Two academics contend 2017 Bitcoin bubble due to Whale’s manipulation

Two academics contend 2017 Bitcoin bubble due to Whale’s manipulation

Every now and then, a juicy article appears in the press that commands re-writes across the entire news spectrum. In other words, no matter where you go, you cannot avoid reading the same storyline, over and over again. Bloomberg created one of these “honey pots” on Monday, and before you could say, “What the…,” a thousand bees had already swarmed over the sweet attraction. It seems two fellows from academia updated a previous paper that hypothesizes that the 2017 Bitcoin bubble was due to one Whale.

John Griffin from University of Texas Professor and Amin Shams from Ohio State University co-authored the paper, which concluded: “Our results suggest instead of thousands of investors moving the price of Bitcoin, it’s just one large one. This pattern is only present in periods following the printing of Tether, driven by a single large account holder, and not observed by other exchanges.” Tether was the largest stablecoin at the time and was frequently used by traders as a substitute for the USD, before and after entering and closing other crypto positions.

Griffin and Shams added:

Simulations show that these patterns are highly unlikely to be due to chance. This one large player or entity either exhibited clairvoyant market timing or exerted an extremely large price impact on Bitcoin that is not observed in aggregate flows from other smaller traders.

Bitcoin is obviously the “newest kid on the block” to engage entrenched traditionalists, when it comes to qualifying as an acceptable investment worthy of their favor. As such, one might expect a bit of negativity here and there, but it appears that the financial press has a love affair with dumping on all things crypto. Academic papers have a way of finding strange correlations in unrelated data and then devising an entire treatise that brings logic to bear on its argument. Industry pundits decried the effort as delusional, an attempt to validate a conclusion by selectively finding data that supports the hypothesis.

If the article had stopped with the source, which was Bloomberg, then it would not have created such a firestorm, but every financial news outlet from the Wall Street Journal to CNBC to the MIT Technology Review picked up the story and then propagated it across the Internet. Bloomberg positioned it as a “striking new claim” in its article entitled: “Lone Bitcoin Whale Likely Fueled 2017 Price Surge, Study Says”. Branded immediately as “clickbait” by crypto industry observers, the article was soon given credibility, when The Block elected to accept the findings as “reasonable”.

Industry pushback was immediate. Tether General Counsel, Stuart Hoegner, told Bloomberg: “The paper lacked academic rigor,” and: “The research is foundationally flawed because it relies on insufficient data.” Su Zhu, CEO of Three Arrow Capital, tweeted back at The Block:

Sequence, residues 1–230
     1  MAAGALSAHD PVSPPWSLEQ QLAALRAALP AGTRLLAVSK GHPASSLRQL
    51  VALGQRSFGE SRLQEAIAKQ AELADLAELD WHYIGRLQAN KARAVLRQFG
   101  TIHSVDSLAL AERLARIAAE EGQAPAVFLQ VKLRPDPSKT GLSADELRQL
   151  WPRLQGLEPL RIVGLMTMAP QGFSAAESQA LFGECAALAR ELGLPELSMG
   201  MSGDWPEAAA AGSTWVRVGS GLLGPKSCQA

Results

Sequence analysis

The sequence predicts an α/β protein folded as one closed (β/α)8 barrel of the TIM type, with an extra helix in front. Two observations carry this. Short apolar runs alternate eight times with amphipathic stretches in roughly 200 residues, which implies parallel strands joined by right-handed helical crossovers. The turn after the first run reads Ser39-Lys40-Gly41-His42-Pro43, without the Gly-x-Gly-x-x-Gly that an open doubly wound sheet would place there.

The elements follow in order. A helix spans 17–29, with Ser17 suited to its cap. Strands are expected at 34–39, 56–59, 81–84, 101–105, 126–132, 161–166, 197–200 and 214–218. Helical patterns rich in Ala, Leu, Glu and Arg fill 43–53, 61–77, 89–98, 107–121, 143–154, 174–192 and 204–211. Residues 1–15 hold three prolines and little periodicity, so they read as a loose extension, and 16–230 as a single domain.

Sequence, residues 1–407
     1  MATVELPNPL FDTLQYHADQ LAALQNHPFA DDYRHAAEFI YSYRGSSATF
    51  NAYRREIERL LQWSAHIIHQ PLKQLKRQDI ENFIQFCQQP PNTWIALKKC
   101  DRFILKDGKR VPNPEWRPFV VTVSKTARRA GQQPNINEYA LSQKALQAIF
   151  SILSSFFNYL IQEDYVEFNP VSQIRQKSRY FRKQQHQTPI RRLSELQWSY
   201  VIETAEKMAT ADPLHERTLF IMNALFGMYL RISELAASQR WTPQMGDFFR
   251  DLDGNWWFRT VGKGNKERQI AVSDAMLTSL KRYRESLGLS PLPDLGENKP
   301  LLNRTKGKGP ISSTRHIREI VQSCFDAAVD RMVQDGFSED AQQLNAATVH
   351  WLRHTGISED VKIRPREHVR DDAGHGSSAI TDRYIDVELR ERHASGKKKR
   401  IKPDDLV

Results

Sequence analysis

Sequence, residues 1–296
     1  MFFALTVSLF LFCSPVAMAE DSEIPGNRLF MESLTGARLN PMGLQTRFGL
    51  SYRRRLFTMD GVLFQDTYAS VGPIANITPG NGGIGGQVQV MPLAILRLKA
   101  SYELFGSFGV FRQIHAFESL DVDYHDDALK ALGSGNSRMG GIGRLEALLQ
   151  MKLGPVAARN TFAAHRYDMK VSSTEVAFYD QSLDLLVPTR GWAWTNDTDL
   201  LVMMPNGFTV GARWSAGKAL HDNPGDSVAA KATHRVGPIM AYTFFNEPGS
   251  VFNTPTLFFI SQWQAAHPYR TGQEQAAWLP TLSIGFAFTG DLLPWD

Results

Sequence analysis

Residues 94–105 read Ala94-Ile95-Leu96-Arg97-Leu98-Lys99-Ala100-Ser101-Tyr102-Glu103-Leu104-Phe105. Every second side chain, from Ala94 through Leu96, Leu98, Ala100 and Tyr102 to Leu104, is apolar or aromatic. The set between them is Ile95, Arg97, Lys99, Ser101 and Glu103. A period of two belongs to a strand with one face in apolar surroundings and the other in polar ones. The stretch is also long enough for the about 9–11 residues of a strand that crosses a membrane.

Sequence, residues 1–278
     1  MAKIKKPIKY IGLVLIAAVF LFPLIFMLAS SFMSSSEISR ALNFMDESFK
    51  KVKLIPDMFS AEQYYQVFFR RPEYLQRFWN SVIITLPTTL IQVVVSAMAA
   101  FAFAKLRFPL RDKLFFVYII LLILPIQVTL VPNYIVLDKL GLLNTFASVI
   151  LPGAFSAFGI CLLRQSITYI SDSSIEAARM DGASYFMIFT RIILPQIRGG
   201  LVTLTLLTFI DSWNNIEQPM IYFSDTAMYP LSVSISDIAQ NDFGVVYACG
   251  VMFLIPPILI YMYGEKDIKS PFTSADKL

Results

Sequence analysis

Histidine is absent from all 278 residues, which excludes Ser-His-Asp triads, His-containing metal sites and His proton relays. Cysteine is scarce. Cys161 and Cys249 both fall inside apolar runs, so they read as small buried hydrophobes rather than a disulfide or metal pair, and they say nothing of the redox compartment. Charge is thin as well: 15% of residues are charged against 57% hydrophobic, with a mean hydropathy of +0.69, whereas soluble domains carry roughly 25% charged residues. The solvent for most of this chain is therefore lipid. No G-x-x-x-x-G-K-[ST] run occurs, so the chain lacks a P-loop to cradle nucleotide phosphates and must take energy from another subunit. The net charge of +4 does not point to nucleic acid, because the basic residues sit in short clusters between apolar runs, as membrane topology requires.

This article is clickbait so dumb that it’s a crime to give attention to it. [The two authors of the paper] started at a conclusion and then tried to find data to fit it.

Mati Greenspan, senior market analyst for eToro and a well respected voice of reason in crypto circles, explained in his daily market update:

There is no methodology on the planet that will convince me that this narrative is accurate. Millions of verified retail accounts were opened here at eToro in order to trade crypto and it was the same throughout all exchanges. It wasn’t anything that could have possibly have been caused by any single whale.

Gabor Gurbucs over at VanEck was also in agreement with Greenspan’s experience and sentiments. As reported by DeCrypt, he suggested that:

The conjunction of any pattern between Tether and Bitcoin was simply an effect of increased demand within periods of growth.

Ari Paul, CIO of BlockTower Capital, also noted that the updated report had switched from just Tether to a single Whale, which he categorized as misleading:

Attributing a mass Tether printing to a “lone whale” was an elementary misunderstanding of how financial assets work. It’s like saying that GLD (gold ETF) is traded mostly by 1 person because it has a single custodian and a single entity handling creations and redemptions.

Bitcoin has struggled for over a decade to establish its current “beachhead” on the investment battlefield and has recently achieved a degree of respectability, as well, from institutional investors and traditional investment managers. The hue and cry of price manipulation will only be silenced when the network of crypto exchanges across the globe agrees to submit to regulatory oversight and monitors for potential “bad actors”.

A reporter at, however, summed up best why industry leaders reacted so angrily:

The media has often pushed the narrative that the entire cryptocurrency space is based on fabricated growth and manipulation. In doing so, they discredit the industry as the whole, likely out of fear or resentment. Cryptocurrency-related media should be smart enough to stay away from such clickbait stories.

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